There are two possibilities. If $\omega_1,\dots, \omega_n$ are not $\mathbb F_q((\frac{1}{T}))$-linearly independent, then the count is infinite for all $r$ sufficiently large. Indeed, if $\sum_{i=1}^n a_i \omega_i$ is a relation, then for $f$ in $\mathbb F_q[T]$ any polynomial, if we take the power series $fa_1,\dots, f a_n$ and remove all terms with negative powers of $T$ to obtain polynomials $g_1,\dots, g_n$ then $\sum_{i=1}^n g_i \omega_i$ will equal $\sum_{i=1}^n (g_i -f a_i) \omega_i$ and thus will have degree less than the maximum degree of the $\omega_i$. This gives infinitely many elements of $\Lambda$ with bounded degree.

Otherwise, $\omega_1,\dots, \omega_n$ generate a $\mathbb F_q((\frac{1}{t}))$-submodule of $\overline{\mathbb F_q((\frac{1}{t}))}$ of rank $n$. Consider the intersection of this submodule with the ring of integers, which is a $\mathbb F_q[[\frac{1}{T}]]$-module, necessarily free of rank $n$, and choose a generating set $\alpha_1,\dots, \alpha_n$. We can write $\alpha_i =\sum_{j=1}^n c_{ij} \omega_j$ for a unique $c_{ij} \in \mathbb F_q((\frac{1}{T}))$. Let $C$ be the $n\times n$ matrix with entries $c_{ij}$.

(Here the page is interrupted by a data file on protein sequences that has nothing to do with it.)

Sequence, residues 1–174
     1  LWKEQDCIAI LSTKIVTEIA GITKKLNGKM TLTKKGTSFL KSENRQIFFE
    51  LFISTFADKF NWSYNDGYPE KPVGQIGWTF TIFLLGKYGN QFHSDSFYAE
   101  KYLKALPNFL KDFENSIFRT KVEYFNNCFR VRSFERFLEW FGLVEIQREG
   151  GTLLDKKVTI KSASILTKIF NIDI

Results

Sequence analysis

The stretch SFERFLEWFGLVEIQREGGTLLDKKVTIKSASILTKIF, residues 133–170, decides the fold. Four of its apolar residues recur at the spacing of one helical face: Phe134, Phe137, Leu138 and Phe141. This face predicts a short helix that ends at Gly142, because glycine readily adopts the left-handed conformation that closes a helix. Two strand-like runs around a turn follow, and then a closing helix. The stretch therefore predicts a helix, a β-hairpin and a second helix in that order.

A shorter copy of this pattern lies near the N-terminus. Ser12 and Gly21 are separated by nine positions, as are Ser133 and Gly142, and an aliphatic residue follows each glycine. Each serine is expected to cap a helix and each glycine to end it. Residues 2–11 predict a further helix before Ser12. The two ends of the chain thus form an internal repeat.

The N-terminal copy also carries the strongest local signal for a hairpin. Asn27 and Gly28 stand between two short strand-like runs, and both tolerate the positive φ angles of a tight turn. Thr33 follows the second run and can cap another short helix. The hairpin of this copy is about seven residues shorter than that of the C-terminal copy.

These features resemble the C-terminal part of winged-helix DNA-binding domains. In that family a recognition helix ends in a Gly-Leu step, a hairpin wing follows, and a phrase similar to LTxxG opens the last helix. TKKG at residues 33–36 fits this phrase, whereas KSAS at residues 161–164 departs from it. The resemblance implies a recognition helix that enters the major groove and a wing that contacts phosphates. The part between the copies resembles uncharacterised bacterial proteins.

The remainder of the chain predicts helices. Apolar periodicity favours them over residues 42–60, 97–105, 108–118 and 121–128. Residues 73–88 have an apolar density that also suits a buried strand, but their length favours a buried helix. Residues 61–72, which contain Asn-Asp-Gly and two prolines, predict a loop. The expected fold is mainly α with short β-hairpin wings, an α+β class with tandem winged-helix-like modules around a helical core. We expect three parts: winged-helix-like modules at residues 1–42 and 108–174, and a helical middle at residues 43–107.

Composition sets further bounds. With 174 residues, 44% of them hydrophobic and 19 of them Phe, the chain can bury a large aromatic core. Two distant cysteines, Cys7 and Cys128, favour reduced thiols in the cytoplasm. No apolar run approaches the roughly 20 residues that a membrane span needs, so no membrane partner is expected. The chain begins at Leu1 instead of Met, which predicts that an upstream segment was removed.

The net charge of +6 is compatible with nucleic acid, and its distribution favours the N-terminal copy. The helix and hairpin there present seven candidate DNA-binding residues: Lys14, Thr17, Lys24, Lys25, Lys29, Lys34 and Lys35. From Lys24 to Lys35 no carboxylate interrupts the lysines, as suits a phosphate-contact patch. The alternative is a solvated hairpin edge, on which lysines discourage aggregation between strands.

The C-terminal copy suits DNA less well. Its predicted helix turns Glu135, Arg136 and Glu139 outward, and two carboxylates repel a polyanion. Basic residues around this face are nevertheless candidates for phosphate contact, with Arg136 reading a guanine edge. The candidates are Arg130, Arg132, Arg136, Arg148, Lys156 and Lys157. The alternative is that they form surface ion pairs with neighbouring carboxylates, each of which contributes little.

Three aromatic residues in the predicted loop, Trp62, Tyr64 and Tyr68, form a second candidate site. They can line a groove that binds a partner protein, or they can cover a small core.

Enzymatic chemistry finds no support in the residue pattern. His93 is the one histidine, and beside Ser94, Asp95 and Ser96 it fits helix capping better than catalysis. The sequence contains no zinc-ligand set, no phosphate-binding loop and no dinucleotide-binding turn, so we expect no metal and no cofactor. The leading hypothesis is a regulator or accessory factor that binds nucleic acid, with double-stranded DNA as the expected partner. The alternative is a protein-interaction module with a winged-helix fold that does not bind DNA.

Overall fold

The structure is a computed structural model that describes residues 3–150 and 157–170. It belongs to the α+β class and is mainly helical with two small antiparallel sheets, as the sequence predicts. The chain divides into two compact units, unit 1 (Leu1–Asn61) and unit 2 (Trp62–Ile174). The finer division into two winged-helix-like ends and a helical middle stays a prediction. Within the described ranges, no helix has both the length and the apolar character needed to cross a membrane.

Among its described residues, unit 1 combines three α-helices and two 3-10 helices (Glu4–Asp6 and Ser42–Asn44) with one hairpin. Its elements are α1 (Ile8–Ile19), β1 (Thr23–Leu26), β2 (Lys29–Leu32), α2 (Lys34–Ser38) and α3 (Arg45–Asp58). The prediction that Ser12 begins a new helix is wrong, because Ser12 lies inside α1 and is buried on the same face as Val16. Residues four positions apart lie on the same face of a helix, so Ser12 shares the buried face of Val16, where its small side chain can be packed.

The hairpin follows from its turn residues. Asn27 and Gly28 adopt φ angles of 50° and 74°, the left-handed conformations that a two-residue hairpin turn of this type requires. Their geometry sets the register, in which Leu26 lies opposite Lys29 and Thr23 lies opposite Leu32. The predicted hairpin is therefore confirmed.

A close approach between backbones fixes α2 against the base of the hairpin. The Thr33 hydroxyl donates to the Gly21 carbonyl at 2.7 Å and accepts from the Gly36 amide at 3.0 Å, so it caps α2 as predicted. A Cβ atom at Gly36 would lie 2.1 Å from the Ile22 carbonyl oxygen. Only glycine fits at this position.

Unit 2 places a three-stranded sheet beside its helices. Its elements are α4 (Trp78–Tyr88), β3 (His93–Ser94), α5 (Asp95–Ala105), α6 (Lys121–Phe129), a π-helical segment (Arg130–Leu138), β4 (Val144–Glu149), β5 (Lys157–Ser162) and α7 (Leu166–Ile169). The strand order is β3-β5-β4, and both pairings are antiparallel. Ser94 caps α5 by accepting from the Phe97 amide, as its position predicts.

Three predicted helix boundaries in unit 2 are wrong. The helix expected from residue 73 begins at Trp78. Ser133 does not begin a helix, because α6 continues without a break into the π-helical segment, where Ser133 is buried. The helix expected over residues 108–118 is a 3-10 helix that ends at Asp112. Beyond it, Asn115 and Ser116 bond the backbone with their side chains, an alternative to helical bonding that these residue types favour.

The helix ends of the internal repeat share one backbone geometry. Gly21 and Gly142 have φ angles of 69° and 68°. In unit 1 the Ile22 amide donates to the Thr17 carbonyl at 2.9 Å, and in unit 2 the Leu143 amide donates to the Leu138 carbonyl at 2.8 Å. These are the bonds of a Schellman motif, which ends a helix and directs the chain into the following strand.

It is easy to see from Riemann-Roch that the number of elements of $\Lambda$ with degree $\leq r$ is equal to $q^{ (r+1) n + \deg \det C}$ for all $r$ sufficiently large.

Indeed, this is equal to the number of vectors $a_1,\dots, a_n \in \mathbb F_q[T]^n$ such that $C^{-1} \begin{pmatrix} a_1 \\ \dots \\ a_n \end{pmatrix} $ is a tuple of vectors of degree $\leq r$. We construct a vector bundle $V$ on $\mathbb P^1$ by gluing $\mathcal O_{\operatorname{Spec} \mathbb F_q[T]}^n$ to $\mathcal O_{\operatorname{Spec} \mathbb F_q[[ \frac{1}{T} ]] }^n$ using the gluing data $C$ on their intersection $\operatorname{Spec} \mathbb F_q(( \frac{1}{T} ))$. The desired count is equal to the number of sections of $H^0(\mathbb P^1, V(r) )$, which by Riemann-Roch for vector bundles is
$$ q^{n + \deg V(r)} = q^{n + nr + \deg V }= q^{n + nr + \deg \det V} =q^{ n + nr + \deg \det C}$$ as soon as $H^1(\mathbb P^1, V(r))=0$, which happens for all $r$ sufficiently large.

I am not sure what you mean by at least two significant terms.